Sunday, March 27, 2011

Red Stroke - Production

I've been (slowly) chronicling the process of making my latest film, "Red Stroke."  Today, I want to give you a little insight of what it was like to actually shoot the movie.  The writing was completed (for the most part), the dates were set (tentatively), and the locations were nailed down (sort of).  It was time to roll (I thought).

Early shooting in our little cramped studio in Namsan Dong.

As I entered the production phase of this project, I wanted to be more exacting and prepared than I often had  been with other projects.  My intentions fared well in the beginning.  My wife had gotten me a chalk clapperboard for Christmas and I wanted to utilize it.  I started out by logging each take and making notes as I shot, but as the shoot started to go on longer than I had wanted, I started to slack on the notes and eventually gave up, finally opting for speed over organization.  It didn't seem like a good way to start out.  I remember being relieved when the first day's shooting was completed, but also overwhelmed at the massive amount of shooting that lay ahead and a bit disappointed with my performance.  At least it was wrapped though.  I'm sure I slept easier that night.

That was the beginning of a roller coaster ride of triumphs, failures, cancellations, disappointments, and a host of other emotions and occurences.  One of the obvious difficulties of shooting this film was the time period required.  I could only shoot on weekends because I was working full time during the days.  The rest of the cast was pretty much in the same situation, though we were eventually able to squeeze in a few weeknight shoots to cut down on the overall production span.

Lowell and Abigail having fun while I set up the shot.

As production started churning forward, I started to realize more apparently the difficulties in writing and directing in a foreign language.  I remember one night early on in the shoot specifically.  I think it was Scene 6 we were shooting.  June (the lead actor and translator) and I had struggled with the writing and the ideas in the scene and had discussed for a long time how to make them as clear as possible and still keep the original meaning and feeling that the English had in the Korean translation.  We had to stop shooting, have a seat at our low Korean table and just trudge through with advice from Heidi along the way.  Eventually, after hours of discussion, many pizzas, several days of shooting and at least one reshoot, we finally canned the scene.  I think it'll be worth it in the final cut...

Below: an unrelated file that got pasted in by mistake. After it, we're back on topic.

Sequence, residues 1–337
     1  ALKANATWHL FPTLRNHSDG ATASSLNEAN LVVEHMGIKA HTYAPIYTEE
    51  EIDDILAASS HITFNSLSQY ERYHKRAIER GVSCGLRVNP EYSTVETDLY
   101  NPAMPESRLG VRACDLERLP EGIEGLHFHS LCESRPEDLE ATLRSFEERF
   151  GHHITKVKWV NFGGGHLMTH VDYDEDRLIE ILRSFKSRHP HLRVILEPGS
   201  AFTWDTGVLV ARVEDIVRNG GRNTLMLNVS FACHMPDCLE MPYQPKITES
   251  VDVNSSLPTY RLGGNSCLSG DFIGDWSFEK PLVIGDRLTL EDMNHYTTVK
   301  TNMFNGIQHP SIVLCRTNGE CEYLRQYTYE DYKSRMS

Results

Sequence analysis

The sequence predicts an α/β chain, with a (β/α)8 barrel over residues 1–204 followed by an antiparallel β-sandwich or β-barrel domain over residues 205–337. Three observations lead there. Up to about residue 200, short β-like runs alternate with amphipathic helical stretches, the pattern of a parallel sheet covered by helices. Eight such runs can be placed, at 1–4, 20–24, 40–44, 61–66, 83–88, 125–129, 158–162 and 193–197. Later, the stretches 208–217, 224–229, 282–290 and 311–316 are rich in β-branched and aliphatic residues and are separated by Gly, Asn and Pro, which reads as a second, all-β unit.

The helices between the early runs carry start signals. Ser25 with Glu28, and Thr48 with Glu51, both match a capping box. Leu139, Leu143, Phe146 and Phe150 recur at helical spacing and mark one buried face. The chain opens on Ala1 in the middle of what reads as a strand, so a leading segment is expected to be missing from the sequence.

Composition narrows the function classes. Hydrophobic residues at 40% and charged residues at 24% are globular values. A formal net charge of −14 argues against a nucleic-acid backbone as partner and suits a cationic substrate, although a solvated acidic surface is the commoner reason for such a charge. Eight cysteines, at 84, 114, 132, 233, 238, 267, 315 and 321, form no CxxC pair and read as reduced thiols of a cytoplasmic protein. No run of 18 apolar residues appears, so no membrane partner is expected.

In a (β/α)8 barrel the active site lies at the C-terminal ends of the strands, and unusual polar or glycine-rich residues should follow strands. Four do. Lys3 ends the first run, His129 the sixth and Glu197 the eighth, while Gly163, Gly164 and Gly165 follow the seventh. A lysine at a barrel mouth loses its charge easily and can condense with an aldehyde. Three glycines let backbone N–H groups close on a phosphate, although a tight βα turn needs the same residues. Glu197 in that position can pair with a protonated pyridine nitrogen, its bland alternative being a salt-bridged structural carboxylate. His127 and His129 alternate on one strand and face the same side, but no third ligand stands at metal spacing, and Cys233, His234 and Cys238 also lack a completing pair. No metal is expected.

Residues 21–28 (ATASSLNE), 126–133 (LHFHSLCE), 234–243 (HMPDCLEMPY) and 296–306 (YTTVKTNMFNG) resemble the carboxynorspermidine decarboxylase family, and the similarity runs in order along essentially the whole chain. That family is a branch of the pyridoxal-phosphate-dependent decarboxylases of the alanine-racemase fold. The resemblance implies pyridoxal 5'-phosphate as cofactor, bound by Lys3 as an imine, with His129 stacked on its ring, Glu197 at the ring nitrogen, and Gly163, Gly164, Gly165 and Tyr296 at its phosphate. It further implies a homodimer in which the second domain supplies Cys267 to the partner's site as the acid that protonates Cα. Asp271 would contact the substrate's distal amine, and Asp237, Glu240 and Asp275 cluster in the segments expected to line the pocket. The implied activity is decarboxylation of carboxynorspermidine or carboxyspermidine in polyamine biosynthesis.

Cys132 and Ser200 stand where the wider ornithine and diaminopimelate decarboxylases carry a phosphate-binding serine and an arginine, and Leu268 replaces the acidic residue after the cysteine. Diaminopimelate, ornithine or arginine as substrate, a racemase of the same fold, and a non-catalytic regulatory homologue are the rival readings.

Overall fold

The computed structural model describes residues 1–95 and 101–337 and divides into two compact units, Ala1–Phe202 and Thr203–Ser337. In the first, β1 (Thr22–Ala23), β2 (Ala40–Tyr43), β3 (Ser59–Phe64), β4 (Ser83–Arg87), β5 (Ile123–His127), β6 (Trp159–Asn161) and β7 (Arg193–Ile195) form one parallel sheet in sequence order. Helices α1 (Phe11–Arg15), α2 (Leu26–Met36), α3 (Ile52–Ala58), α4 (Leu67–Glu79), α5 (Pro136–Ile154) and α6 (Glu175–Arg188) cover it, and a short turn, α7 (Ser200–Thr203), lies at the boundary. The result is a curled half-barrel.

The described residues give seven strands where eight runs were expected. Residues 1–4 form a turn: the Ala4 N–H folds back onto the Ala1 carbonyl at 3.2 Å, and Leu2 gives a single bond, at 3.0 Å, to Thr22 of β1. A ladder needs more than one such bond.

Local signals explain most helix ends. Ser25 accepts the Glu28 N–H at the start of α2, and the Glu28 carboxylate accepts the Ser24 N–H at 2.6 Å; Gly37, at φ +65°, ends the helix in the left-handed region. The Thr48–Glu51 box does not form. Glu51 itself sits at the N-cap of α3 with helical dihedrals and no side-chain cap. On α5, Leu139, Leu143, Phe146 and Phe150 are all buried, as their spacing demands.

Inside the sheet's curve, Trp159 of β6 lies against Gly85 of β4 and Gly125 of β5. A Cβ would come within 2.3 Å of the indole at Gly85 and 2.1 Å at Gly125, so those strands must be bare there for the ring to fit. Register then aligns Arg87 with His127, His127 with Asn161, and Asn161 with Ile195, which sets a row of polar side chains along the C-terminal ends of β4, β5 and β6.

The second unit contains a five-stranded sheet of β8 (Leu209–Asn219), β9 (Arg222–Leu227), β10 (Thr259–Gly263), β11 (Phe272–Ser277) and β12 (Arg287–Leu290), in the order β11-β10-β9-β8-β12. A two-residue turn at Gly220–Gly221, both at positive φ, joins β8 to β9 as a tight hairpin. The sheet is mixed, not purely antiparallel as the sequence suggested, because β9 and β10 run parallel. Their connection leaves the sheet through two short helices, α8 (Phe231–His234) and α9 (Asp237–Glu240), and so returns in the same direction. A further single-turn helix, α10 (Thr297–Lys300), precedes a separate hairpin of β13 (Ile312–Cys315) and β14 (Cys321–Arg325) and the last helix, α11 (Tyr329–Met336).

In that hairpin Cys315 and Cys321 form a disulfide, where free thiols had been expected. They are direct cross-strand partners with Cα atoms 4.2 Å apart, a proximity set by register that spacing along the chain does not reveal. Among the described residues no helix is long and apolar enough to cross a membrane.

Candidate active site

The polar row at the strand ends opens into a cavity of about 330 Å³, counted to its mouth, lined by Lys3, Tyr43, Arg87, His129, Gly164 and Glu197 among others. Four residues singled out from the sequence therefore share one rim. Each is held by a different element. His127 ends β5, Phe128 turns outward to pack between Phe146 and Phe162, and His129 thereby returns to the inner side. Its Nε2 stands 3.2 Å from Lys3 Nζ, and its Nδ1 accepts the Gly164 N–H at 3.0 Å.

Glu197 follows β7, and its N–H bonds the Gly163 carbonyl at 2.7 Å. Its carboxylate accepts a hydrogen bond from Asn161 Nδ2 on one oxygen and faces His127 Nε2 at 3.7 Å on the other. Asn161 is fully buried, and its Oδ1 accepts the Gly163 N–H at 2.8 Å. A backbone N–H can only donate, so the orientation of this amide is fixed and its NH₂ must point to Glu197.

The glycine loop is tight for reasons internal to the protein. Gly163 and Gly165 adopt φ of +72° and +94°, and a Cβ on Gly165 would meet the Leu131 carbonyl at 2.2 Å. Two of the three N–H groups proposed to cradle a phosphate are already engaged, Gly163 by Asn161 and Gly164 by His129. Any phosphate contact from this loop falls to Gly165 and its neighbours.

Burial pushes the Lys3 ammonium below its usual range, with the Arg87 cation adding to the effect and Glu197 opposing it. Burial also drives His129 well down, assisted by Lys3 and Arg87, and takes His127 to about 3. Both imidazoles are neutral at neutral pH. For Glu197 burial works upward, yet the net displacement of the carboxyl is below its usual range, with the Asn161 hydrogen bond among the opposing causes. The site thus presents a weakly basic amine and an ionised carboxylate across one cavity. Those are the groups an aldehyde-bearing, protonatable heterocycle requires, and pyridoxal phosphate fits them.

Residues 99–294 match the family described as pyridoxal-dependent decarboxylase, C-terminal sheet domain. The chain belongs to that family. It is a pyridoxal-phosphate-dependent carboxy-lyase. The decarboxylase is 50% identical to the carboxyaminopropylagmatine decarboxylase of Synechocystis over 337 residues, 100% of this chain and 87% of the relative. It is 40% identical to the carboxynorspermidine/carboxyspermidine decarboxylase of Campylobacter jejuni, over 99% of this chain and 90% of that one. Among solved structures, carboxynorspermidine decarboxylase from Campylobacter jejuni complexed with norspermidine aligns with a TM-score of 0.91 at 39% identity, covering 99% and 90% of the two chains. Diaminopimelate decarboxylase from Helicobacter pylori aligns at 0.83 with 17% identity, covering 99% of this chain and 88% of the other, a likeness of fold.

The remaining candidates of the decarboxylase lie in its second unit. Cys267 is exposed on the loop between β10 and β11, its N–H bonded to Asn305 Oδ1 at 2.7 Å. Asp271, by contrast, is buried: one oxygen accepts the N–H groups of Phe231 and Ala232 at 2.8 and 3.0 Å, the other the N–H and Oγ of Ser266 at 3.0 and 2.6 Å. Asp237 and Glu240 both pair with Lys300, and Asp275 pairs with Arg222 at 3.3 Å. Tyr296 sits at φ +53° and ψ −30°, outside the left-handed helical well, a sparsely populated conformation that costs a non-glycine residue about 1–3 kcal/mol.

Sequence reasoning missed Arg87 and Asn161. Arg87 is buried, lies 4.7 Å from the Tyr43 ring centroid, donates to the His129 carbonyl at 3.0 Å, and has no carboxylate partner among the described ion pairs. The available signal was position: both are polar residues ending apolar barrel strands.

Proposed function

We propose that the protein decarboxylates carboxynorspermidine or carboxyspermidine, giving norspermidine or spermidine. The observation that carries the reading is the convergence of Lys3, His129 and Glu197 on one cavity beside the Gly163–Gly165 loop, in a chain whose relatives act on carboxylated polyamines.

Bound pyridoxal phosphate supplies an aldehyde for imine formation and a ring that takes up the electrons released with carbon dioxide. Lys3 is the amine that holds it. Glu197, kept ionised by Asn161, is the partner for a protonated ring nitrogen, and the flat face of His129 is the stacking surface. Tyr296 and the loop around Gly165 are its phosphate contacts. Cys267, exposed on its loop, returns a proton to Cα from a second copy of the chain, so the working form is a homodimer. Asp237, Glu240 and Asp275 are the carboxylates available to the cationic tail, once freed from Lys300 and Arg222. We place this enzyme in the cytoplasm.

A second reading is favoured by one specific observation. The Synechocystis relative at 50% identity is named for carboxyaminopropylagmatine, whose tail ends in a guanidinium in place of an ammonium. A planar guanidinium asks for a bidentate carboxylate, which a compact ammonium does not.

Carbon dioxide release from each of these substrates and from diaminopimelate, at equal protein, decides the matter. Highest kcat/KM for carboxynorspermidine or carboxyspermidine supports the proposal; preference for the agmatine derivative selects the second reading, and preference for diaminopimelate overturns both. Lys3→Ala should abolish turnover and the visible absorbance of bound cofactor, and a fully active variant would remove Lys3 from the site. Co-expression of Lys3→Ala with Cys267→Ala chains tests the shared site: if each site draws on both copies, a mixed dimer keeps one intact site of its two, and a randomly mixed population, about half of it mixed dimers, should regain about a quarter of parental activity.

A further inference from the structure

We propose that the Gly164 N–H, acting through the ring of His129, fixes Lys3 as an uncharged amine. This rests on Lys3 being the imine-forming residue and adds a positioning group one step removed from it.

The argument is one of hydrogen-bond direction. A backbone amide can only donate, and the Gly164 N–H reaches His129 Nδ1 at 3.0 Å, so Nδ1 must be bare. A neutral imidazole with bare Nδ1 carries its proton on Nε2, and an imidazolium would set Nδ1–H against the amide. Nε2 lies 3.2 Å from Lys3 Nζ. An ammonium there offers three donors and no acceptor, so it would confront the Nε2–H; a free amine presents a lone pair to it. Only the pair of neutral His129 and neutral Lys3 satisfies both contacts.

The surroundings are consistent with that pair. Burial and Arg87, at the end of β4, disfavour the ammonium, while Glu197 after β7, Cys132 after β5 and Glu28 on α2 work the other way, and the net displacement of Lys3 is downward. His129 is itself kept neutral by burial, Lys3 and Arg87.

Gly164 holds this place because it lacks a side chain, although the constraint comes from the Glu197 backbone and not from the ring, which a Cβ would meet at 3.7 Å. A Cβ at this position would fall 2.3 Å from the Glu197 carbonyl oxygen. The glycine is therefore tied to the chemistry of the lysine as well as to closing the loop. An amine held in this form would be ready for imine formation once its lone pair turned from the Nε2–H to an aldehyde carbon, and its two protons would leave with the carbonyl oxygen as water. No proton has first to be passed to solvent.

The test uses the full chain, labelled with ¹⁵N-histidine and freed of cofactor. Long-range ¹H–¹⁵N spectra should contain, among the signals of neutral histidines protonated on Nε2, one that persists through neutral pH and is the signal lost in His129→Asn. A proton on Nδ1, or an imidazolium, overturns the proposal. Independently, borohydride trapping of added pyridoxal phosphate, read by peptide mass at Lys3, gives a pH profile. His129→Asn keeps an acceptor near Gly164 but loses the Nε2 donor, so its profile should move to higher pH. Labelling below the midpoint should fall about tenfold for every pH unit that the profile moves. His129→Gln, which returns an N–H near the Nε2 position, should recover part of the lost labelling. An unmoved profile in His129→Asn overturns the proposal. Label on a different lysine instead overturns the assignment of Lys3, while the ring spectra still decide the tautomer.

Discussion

Shooting Matthew on his scary motorcycle.

There were several very memorable moments and days during shooting.  I had the longest filming day I've ever had shooting this film.  One day lasted 17 1/2 hours.  I remember going over to June's apartment around 7AM and banging on his door to no avail.  I called him continually and finally found out that he had been up all night studying and had just gone to bed an hour or so earlier.  He asked if we could postpone the shoot 'til another day.  There were so many scenes slated for this day and I knew he had finals coming up in the next couple of weeks, so we forged ahead with caffeine in our veins and hope glowing brightly for our beds that evening.  It was a long day, but I knew at the end that we had earned our rest.

Breaking the news that the scene I wrote was garbage and needed to be re-written for another day.

There are too many other exciting and delightful moments to even mention here... Cracking up making fun of the foreigner's pronunciation on the bus at Jangjeon Dong subway station, June actually slapping Chuck in the face during one of the final scenes, talking to drunk old men who wanted to help in any way possible, crashing the scooter into a pole, just to name a few.

This production ended up in no way how I thought it would.  I hoped to be on top of things, to have things planned well, to stay on schedule.  I failed at all of these.  But, in the end, we all had a great time, and I know that everyone will be proud of their work when they finally see it.  I hope that time is sooner rather than later.

I'll leave you with a couple of fun moments provided by my brother Pat and June after we shot some harrowing scooter scenes in the streets of Busan...


1 comment:

  1. "Don't show our wives this part" Hahahah!!!!

    I love you Joey- You are a talented godly man, and I am so thankful for you!

    This is great, babe!

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